A Michigan mom of five may face up to 93 days in jail over library books returned to the Charlotte Community Library after their due date.
Melinda Sanders Jones says she visited her public library a few months ago to use one of their printers, but was denied use of the devices by an employee because she had two overdue library books. After calling her then fiancé, Matt, Sanders Jones learned she still had copies of "Where the Sidewalk Ends" by Shel Silverstein and the holocaust novel "Night" by Elie Wiesel on her bookshelves at home.
Sanders Jones returned to her house, grabbed the books and took them back to the library the same day. The Charlotte, Michigan, mom expected to receive an email or letter about her late fees, but when nothing came, she forgot about the incident.
"A week ago my boss called me because I had applied for a new position at work. I knew they were going to be doing a background check — the interview and everything went great and I was super pumped about it," Sanders Jones, who works as a security guard, told TODAY Parents. "I told them I was super confident in my background check because I've never even had a parking ticket... then I get a call from my boss to inform me that I actually have a warrant out for my arrest and it's for failure to return rental property less than $200."
"I've been good my entire adult life," said Sanders Jones. "I've been a good person. I was completely floored. I just kind of sat there in awe."
Because of the criminal charges filed against her, Sanders Jones was denied her promotion and put on suspension pending a resolution to her case.
Court documents provided to TODAY.com by the Eaton County Prosecuting Attorney's Office call for Sanders Jones' arrest, citing "books had been delivered on a rental or lease basis under a written agreement" in 2017, and that Sanders Jones "willfully neglected to return the property."
In the week since learning of the charges, Sanders Jones has appeared before the magistrate at her local courthouse and attended a hearing where she was released on a personal recognizance bond — a release from jail without being required to post bail, with a promise to remain in the state and appear for her next court date.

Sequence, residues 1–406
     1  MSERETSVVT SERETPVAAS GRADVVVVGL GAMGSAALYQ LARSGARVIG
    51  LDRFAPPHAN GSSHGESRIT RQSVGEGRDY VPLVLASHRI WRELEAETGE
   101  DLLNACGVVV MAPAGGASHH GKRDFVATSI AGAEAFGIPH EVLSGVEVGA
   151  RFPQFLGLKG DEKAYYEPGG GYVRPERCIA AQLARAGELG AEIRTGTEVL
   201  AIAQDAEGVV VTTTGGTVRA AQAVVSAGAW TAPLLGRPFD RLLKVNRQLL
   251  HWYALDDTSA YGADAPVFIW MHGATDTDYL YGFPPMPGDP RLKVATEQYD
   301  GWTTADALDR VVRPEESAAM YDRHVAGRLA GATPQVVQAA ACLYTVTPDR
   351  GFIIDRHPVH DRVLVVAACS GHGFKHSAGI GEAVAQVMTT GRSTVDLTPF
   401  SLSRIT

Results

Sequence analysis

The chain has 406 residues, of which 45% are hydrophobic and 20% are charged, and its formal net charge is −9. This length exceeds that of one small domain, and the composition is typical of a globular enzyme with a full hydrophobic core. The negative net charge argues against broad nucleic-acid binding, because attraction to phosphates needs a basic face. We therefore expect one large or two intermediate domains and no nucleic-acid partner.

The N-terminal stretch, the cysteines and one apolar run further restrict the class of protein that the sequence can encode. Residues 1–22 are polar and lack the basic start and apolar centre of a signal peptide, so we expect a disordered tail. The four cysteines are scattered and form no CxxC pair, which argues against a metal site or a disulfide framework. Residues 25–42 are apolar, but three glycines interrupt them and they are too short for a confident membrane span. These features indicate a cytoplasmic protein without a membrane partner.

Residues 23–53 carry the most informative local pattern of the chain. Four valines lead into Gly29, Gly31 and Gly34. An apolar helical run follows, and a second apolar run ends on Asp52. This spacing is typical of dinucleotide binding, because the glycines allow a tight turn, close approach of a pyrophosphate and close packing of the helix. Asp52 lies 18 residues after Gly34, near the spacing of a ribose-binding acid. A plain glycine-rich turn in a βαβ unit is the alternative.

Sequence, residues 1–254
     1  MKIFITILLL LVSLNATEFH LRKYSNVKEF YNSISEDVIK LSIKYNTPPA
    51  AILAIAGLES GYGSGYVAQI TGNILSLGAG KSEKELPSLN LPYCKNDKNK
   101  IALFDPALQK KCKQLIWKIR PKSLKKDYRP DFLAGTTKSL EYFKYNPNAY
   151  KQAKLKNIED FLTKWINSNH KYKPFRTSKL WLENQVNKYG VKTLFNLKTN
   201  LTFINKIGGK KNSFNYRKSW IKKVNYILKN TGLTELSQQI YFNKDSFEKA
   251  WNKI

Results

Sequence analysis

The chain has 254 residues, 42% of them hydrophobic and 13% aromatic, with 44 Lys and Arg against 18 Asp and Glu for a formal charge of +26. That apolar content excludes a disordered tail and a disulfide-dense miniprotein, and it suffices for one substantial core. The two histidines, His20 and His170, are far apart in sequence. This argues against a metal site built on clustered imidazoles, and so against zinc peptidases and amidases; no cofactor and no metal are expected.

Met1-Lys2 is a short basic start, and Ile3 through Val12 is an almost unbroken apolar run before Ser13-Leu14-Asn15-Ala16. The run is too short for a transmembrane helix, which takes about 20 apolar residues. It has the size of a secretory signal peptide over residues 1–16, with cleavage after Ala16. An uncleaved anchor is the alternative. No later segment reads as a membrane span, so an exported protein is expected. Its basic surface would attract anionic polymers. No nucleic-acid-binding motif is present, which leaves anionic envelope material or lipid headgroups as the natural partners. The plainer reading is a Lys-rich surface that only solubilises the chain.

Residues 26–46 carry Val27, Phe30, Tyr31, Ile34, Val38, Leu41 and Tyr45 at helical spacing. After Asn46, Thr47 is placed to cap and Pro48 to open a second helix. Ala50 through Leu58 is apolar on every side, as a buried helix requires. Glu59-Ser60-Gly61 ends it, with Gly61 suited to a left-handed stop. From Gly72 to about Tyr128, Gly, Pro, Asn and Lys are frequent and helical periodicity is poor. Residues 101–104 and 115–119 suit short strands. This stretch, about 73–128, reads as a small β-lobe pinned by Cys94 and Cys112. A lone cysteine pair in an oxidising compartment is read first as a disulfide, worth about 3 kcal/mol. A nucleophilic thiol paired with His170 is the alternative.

"I also tried to go pay the library, but they wouldn't take my money and explained I had to go to an economic crime unit — a 20-minute drive away from me," said Sanders Jones, adding that her total fine was $72.30. "I go there, but they tell me they don't take cash so I leave and get a money order. I come back, only for them to tell me I also owe them $215 for a diversion fee."
Sanders Jones says the employee then insisted it would be unethical for them to take her payment without her attorney present and suggested she wait until her court hearing to make a payment.
"I was like, 'Are you kidding me right now?'" said Sanders Jones, who then called attorneys in her area until she found one who agreed to take her case pro bono.
"My attorney called me yesterday to ask me what it is that I want out of this, and I said, 'Mainly I just want to get my job back. I just want to go back to work. I have five kids and I am the head of my household and I'm the only one that works," said Sanders Jones." I want the charges dismissed, because the only way I'm going to get my job back is if I get my name cleared. This can't be on my record."
In an official statement posted on Facebook, the Charlotte Community Library apologized for "any negative consquences that may have resulted recently due to our overdue book policy and collection actions." In the statement, they add, "Our library board will review all our policies in the near future, and we will help anyone who may have been affected."
Sanders Jones says she's willing to pay all fines owed to the library and the economic crime unit. The 27 year old, who just got married on October 19, says she has a court hearing on November 7 where the outcome of her ordeal will hopefully be decided and she will know whether or not she'll be required to serve a jail sentence.
"The first thing the magistrate said to me when he read me my charges was what my punishment could be," said Sanders Jones. "It could be 93 days in jail or a $500 fine."
"It's so overwhelming to think that I drive my kids to and from school every day, and I could have gotten pulled over and arrested in front of my kids," Sanders Jones continued. "This is not OK. There's got to be more that you can do with resources like this than arrest people for library books."